The gimmick is a marketing force in the 21st century. To be fair, it was a marketing force in the 20th century too, and probably the 19th. Face it: the “cold activation bars” (or “air vents”) on your Rocky-Mountain-brewed Coors are on about the same level as the KFC Double-Down, craft beers brewed with beard yeast, or the confidence schemes the Duke and the King so skillfully practiced along the Mississippi with Huck and Jim. Those two bastards were tarred, feathered and run out of town on a rail; Coors, not so much. Such is the world we live in.

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If we sound bitter about these contrivances, don’t write us off as full time haters just yet. The Glenlivet Alpha (~$150), a mysterious Scotch whisky with a decidedly strange and scheme-filled marketing campaign, hits our soft spot for curiosity and adventure. Mind you, we also have a particularly large soft spot for excellent Scotch. It nails us there, too.

The trick is this: The Glenlivet Alpha is a limited release (3,500 bottles worldwide), sold in a black bottle labeled plainly “from The Glenlivet Distillery” with a glossy alpha symbol against a matte background. The bottle also informs that it’s a 750mL bottle (duh) and that the Scotch is 50% alcohol. That’s about all the potential buyer gets; this is the first Glenlivet released without tasting notes, aging distinction or cask details. None, for a bottle that costs a Benjamin and a half. The Glenlivet created a special section on their site along with a Facebook app after its release, featuring “challenges” in sight, smell, taste and feel that gave away “clues” to the whisky’s creation secrets. (Their Master Distiller, Alan Winchester, recently gave tasting notes in a special video, but we couldn’t watch that until after our own tasting, of course.) Intriguing? Yes, though it did, as we mentioned, set off our gimmickry alarms.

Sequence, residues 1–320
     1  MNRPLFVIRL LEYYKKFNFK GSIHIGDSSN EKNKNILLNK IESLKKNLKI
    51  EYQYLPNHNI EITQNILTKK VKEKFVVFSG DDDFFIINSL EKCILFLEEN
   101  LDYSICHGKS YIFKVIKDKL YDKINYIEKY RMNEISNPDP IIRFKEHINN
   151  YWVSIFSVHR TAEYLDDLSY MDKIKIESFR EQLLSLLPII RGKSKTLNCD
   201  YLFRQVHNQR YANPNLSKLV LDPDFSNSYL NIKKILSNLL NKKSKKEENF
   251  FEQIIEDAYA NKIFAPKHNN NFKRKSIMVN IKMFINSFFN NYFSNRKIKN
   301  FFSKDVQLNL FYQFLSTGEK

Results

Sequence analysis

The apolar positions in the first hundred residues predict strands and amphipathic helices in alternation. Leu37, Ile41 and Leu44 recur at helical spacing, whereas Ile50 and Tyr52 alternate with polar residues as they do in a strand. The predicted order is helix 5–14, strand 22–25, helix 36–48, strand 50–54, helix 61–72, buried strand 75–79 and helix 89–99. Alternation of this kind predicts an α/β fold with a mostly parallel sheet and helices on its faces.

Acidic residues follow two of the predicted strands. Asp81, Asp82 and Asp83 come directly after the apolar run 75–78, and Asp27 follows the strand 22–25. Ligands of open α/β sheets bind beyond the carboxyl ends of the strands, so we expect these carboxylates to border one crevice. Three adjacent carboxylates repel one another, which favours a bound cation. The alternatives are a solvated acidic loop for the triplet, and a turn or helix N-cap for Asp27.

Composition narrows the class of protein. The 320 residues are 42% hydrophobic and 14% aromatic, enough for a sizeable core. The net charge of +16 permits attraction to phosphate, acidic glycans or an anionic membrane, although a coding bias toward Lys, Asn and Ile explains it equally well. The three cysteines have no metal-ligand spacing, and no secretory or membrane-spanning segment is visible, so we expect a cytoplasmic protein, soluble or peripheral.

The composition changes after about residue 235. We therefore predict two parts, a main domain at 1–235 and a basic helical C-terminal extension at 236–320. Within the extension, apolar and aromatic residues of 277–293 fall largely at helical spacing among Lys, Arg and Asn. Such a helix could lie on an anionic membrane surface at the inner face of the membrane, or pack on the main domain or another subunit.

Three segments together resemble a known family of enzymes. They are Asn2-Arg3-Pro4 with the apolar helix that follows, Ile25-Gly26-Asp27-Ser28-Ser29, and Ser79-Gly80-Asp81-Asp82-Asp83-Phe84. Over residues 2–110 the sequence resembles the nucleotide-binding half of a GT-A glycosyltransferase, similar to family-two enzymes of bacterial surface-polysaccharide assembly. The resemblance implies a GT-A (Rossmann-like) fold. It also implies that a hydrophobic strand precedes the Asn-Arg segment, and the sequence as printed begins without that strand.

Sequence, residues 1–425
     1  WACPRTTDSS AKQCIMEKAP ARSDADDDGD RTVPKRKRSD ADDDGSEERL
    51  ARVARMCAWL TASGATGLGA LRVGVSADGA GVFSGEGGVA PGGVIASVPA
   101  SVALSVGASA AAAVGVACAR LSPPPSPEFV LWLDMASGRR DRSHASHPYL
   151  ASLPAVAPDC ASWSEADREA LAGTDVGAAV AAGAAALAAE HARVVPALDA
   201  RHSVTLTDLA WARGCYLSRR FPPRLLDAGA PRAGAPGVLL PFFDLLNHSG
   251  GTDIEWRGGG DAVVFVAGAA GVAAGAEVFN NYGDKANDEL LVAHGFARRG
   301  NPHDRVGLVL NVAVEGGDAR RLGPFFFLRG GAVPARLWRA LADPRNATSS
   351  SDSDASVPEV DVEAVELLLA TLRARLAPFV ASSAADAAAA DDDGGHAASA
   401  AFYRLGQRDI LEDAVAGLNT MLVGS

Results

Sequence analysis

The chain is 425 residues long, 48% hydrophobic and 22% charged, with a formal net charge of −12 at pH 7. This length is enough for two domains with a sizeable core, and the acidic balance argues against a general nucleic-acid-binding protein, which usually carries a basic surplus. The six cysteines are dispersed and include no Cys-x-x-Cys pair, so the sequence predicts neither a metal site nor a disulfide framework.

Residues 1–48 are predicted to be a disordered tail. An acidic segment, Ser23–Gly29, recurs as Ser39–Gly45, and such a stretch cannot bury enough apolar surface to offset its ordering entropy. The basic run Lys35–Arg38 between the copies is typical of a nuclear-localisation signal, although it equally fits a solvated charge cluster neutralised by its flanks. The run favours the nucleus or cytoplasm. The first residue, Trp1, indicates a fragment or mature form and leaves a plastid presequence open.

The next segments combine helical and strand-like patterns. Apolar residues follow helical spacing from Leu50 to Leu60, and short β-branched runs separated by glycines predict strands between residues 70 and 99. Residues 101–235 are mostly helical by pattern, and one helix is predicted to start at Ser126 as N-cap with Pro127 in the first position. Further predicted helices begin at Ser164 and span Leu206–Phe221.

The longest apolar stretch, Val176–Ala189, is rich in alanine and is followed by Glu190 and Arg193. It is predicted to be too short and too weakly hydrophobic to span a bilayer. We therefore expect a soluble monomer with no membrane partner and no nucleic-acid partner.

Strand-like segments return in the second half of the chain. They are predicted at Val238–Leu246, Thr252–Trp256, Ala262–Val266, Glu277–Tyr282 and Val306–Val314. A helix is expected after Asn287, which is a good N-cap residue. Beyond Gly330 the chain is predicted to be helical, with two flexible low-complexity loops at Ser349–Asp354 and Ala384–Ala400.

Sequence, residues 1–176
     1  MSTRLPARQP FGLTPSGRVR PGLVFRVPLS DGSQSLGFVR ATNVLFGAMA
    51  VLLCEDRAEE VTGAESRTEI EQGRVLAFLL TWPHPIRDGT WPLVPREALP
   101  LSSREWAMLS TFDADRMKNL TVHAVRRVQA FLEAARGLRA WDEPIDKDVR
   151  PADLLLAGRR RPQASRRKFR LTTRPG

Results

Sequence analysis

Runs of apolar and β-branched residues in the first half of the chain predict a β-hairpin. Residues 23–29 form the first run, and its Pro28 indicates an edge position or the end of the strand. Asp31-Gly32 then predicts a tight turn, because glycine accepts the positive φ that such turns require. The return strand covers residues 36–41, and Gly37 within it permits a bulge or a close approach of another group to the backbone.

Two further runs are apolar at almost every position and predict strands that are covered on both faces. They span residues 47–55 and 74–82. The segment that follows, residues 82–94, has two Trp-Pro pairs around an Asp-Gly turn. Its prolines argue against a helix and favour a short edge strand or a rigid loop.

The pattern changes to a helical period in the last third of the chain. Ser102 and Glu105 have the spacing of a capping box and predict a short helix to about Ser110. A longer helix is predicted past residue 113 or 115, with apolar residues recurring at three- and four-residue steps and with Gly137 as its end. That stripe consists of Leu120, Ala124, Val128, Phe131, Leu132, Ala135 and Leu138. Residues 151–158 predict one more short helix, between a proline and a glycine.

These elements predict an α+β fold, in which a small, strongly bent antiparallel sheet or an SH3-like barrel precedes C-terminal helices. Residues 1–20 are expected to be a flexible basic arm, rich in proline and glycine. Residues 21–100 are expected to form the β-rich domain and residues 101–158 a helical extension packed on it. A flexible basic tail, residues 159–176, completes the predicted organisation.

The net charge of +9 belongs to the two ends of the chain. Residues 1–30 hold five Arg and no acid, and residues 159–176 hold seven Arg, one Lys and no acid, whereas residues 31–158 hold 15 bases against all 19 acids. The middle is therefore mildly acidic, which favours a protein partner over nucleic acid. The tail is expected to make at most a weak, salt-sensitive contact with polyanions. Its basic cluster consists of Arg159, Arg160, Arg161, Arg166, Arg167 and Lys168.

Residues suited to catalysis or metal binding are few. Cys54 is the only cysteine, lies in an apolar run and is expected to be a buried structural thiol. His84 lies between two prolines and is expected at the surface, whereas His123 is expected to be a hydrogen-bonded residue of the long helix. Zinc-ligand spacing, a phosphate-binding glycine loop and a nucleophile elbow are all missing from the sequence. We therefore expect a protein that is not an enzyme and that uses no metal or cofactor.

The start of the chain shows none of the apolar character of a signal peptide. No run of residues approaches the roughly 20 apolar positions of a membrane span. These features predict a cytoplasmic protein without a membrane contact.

Then we drank it. It’s gold and straw-colored in the glass, and sugary sweet on the nose, with plenty of honey, vanilla and just a bit of caramel. On the tongue there’s a bright hit of sugar and even fruitiness followed by a wave of char, spice and toffee. The finish is relatively dry, with some smoke, and very spicy. This is a serious whisky, for sure — no strange packaging can conceal that.

Then we decided to get the skinny. In his tasting video, Winchester divulges that Alpha was aged not in bourbon- or sherry-conditioned barrels, but rather new oak barrels previously containing only Scotch. In his words, this provides a “sweet intensity of flavor”, a nose of oranges, pear and toffee, and a taste “bursting with fruit”. We’ll be the first to admit that we didn’t quite (or at all) get to that level of flavor or smell distinction. But we get it. And really, we’re not upset — the most refreshing thing about this gimmick was that it let the drinker decide what he tasted rather than being told by the brand. Plus, the important thing is that it’s delicious, no?